meditation blog

How do you look at, or even talk to, yourself?

Like you probably did, I grew up with mirrors in my house. Throughout the years, I learned to get to know myself through the mirror – yet mostly, and obviously, at a physical level. Yet, it is only thirty plus years after my first “self-look” that I realized how critical I was when looking at myself.

One day I would scrutinize my hair; another day, my outfit. A third day the width (or narrowness) of my shoulders; and a fourth, the shape of my body. Sometimes, I would experience a surface-level, kinda satisfaction as I saw myself, an unconscious you’re-OK-to-go phrase as I met my eyes. However, perhaps each time, explicitly or not, I would be judgmental towards myself. Can you relate?

Mirrors help one get a realistic image, at an objective level, of what is, which is neutral in itself. What is less neutral, however, is when we use them with a critical and always-comparing mind: we then dig the wound of unworthiness or insufficiency that we all need to heal to some degree a little deeper.

Three years ago, I listened to an interview of Shauna Shapiro about her book “Good morning, I love you”. She was basically advocating for us to pronounce this sentence first thing in the morning as we cross our gaze in the bathroom. I remember. I tried. It felt like one of the most uncomfortable things I had ever tried. Then I kind of forgot about it. A few months ago, I was shaving in front of the mirror, and I remembered. I started to look into my own eyes as I would look at someone dear. From the wisdom of ancient teachings, I had learned how in every person there is depth, goodness, and beauty – it is simply a law of nature. I don’t think I ever had truly tried it on myself. I kept my gaze up, and one tear appeared. Not a radical change, perhaps, and yet a significant step for me.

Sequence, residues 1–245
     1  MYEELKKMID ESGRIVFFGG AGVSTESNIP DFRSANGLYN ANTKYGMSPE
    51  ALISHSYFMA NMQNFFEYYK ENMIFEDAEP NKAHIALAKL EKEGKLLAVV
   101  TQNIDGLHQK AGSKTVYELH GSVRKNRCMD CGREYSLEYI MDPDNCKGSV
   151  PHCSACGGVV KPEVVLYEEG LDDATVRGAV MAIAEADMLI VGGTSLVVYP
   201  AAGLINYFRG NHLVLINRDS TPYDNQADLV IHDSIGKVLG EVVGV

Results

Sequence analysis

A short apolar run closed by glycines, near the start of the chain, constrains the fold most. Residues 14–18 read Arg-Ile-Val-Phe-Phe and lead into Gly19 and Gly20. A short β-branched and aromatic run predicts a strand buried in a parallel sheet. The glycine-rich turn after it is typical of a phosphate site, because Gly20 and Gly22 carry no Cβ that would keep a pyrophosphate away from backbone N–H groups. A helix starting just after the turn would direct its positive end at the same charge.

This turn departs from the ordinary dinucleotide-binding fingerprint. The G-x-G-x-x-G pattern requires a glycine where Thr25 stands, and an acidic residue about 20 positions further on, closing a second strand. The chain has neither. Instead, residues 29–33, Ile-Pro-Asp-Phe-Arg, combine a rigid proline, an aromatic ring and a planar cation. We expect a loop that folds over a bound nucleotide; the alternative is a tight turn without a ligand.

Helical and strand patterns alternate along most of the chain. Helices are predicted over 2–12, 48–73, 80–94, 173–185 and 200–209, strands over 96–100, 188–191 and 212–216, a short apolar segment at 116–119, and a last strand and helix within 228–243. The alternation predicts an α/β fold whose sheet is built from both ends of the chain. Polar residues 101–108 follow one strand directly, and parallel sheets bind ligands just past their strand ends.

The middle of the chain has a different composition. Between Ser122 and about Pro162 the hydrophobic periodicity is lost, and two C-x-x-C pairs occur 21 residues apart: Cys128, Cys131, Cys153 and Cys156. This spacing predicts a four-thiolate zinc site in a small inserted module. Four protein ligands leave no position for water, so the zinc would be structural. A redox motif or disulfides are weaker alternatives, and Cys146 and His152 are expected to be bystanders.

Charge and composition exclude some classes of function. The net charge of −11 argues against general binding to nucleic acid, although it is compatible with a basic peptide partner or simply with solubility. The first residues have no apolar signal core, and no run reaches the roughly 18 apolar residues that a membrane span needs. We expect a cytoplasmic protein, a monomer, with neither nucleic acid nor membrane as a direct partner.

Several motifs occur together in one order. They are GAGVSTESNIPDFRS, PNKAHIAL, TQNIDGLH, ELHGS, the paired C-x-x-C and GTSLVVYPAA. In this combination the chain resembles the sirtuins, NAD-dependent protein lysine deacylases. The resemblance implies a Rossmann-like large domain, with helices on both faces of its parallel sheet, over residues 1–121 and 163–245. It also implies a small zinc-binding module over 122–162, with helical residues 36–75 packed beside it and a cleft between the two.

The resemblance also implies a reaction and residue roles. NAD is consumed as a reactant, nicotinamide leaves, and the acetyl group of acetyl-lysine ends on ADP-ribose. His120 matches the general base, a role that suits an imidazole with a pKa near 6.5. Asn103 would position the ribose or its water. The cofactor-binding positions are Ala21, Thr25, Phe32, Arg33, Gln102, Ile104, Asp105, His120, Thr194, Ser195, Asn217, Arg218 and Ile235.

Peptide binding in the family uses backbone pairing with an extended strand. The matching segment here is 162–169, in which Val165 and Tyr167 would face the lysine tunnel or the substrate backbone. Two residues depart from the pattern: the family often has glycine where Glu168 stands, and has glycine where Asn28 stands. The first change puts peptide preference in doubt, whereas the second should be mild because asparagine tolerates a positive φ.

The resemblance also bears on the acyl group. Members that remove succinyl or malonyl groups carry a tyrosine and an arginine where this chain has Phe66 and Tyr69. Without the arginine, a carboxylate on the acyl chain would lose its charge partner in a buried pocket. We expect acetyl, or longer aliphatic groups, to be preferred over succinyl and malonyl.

The step of Acceptance

If you have read a couple of self-help books or listened to a few podcasts on personal development and spirituality, you have most likely heard about the importance of acceptance.

Acceptance is not giving up or enduring anything coming our way. Acceptance is to stop resisting. Acceptance is about opening our arms, not to suffer some more, but instead to welcome what is here and now, and relax into it. Acceptance is only possible if we create space for it first, by awareness and presence.

First, we slow down, we pause. Second, as we notice what is here – a particular feeling, a physical sensation, our breath, a tree, our own gaze in the mirror, or even the rain, we make space for it. We basically stop masking what is undeniable, we exhale, and we enter the moment fully. Third, although only if relevant and not too quickly, we can take any relevant action. “Non-action,” remember, is also an action. You might know this three-stage process (Awareness, Acceptance, Action) from various schools, and original to the wisdom of twelve-step programs.

Training Acceptance with Meditation